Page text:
What has your local community been doing to fight the rate of transmission?
“Mine is a family of mask wearers and ‘physical distancers.’ Anything less is alarmingly irresponsible and boggles the mind.”
What has been your general daily routine so far during the pandemic?
“Wake up at about 7:30a.m. Check email and social media, play a few rounds of Lexulous. Yoghurt, granola and cut up apples to feed the beast and then I head out for a 60 minute ride to the beach and back. Quick dunk in the hot tub and then I tackle my projects for the day, take care of chores, attend the occasional Zoom and enjoy the close proximity of my wonderful family.
Come evening, I battle to stay awake watching politics on TV, eat a delicious dinner and then continue trying to stay awake through the plethora of amazing content available via streaming services. Turn in at around midnight.”
What have you been doing to keep your spirits up on a day-to-day basis?
“Since lockdown, I have been working on a photo project called “In Place | Portraits of a Pandemic.” Three or four times a week, I head out and photograph Los Angelenos who are sheltering in place on their doorsteps and through their windows. (Physical distancing is maintained throughout) I have also been writing stories to accompany the photographs about each household documenting their experiences, feelings and thoughts about life during the pandemic.
The subjects of In Place | Portraits of a Pandemic are a random sampling of people I’ve encountered in my thirty five year history in Los Angeles, as well as people I’ve met through serendipitous encounters as a result of the project. I’ve photographed rabbis, rock stars, a deaf activist from Compton, a best-selling author, a Top Chef Masters TV personality, the president of KCRW, the chair of Amnesty International, a homeless woman who lives on Ballona Creek, and dozens of other wonderfully interesting and diverse Angelenos. You can see the series on Facebook and on my website www.alongoldsmith.com.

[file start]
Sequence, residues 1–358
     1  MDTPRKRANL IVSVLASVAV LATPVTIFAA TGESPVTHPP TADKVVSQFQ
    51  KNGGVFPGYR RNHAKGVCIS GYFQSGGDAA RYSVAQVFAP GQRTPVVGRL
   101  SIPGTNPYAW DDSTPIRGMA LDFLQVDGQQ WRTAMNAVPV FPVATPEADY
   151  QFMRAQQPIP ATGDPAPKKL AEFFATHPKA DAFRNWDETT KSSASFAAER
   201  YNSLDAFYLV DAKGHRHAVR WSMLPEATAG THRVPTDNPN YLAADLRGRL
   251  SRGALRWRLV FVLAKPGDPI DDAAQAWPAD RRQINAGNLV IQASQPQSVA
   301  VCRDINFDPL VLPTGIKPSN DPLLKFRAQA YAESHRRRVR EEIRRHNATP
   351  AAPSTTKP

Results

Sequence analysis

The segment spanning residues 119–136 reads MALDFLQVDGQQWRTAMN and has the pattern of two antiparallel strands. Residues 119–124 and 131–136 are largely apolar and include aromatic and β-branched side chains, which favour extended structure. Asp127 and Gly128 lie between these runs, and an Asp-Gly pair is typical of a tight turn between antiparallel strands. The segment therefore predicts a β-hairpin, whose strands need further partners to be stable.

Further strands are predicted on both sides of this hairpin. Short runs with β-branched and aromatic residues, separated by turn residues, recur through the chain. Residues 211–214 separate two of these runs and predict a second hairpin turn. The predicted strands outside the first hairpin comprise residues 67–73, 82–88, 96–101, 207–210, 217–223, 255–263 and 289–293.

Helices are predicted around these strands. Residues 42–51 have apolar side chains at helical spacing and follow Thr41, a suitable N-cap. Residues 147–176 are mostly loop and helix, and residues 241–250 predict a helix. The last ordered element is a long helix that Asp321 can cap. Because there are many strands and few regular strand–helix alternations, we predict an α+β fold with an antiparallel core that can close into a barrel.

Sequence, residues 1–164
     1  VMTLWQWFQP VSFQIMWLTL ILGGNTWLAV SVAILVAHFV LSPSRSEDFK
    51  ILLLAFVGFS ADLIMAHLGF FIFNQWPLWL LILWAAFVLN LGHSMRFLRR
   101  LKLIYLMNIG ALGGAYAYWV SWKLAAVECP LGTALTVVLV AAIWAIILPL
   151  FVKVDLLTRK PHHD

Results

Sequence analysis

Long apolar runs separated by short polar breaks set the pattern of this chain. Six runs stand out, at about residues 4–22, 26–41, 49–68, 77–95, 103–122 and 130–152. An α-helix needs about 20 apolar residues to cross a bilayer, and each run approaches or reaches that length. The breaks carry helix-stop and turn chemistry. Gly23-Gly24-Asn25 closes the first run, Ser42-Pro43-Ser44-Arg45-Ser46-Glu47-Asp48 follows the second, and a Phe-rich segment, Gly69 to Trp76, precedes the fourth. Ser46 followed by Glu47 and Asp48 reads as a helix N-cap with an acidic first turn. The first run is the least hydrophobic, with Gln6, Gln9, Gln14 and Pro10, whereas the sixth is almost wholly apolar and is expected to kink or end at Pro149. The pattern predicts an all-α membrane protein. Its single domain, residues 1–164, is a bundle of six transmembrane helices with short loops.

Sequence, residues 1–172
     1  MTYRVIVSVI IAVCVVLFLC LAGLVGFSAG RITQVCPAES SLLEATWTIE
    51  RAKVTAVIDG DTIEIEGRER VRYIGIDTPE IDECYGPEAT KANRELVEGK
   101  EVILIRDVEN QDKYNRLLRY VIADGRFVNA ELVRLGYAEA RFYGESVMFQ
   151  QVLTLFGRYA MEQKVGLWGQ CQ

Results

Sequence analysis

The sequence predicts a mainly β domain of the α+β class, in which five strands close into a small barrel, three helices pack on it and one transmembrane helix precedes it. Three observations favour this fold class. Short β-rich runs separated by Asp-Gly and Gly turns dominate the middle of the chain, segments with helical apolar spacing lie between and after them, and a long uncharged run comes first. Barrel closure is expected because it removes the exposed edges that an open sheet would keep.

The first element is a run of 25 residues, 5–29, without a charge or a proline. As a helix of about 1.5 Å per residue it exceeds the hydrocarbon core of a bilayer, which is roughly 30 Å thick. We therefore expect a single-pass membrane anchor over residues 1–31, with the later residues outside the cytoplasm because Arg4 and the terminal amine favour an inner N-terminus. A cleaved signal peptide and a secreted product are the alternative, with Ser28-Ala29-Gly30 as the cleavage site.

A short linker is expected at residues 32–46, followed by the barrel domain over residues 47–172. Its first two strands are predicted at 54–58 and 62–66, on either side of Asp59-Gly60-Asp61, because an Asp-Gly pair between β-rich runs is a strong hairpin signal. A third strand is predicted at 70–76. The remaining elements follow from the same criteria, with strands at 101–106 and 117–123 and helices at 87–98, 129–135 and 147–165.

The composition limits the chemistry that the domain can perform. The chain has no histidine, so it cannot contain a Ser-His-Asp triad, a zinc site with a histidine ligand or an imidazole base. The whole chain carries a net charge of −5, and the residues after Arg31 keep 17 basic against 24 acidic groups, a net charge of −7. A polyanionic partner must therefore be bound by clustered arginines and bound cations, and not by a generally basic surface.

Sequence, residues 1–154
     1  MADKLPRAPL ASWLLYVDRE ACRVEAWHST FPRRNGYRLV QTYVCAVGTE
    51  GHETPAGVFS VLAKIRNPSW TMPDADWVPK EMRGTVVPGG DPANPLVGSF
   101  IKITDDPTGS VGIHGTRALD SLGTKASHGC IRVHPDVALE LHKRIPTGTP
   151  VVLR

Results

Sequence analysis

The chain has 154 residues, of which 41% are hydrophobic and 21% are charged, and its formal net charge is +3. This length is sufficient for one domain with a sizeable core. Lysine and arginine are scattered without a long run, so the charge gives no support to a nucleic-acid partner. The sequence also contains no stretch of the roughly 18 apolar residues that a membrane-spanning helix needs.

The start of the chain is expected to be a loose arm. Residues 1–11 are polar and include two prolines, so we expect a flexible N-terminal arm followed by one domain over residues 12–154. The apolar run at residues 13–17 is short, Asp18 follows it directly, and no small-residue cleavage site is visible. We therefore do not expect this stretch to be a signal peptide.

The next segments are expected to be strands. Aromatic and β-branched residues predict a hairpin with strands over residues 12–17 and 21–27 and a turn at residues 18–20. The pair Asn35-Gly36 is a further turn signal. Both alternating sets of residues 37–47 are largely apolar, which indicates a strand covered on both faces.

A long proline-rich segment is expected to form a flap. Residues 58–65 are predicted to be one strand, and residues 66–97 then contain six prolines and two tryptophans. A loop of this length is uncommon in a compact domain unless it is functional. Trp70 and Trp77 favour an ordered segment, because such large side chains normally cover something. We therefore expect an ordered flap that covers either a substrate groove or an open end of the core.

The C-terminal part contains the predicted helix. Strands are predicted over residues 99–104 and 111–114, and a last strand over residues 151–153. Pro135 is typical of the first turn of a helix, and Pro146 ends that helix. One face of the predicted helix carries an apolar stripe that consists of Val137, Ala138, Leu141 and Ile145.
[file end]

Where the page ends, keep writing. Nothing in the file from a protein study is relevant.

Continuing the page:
My plan is to continue documenting what we are going through collectively as a way to connect us to each other for as long as COVID-19 works to keep us apart. Hopefully a book and an exhibition will see the light of day when this is all over.
I’m also working on FRESH PAINT, an exciting collaborative project with gifted artist Trevor Romain in which we combine photography with digital art with some surprising results. Another exhibition, book and other surprises that will hopefully see the light of day in a post COVID-19 world.
All that said, nothing keeps my spirits up more than watching my two amazing daughters loving each other and growing closer than they’ve ever been.”
Has this travel ban/quarantine situation impacted any especially important future plans you had laid out?
“Not really, other than a family trip to South Africa that was supposed to happen in April. However, my 18-year old daughter has had her senior year in high school severely impacted and her college plans blown to kingdom come. Not been easy for her.”